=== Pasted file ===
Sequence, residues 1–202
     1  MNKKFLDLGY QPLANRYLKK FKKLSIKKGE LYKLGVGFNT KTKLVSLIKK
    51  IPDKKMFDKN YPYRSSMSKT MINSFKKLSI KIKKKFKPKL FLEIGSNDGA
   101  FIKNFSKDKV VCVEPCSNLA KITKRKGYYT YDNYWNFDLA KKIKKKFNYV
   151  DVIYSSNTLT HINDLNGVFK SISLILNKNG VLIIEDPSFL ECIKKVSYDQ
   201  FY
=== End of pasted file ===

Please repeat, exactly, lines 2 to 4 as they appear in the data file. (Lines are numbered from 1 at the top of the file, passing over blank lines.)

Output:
     1  MNKKFLDLGY QPLANRYLKK FKKLSIKKGE LYKLGVGFNT KTKLVSLIKK
    51  IPDKKMFDKN YPYRSSMSKT MINSFKKLSI KIKKKFKPKL FLEIGSNDGA
   101  FIKNFSKDKV VCVEPCSNLA KITKRKGYYT YDNYWNFDLA KKIKKKFNYV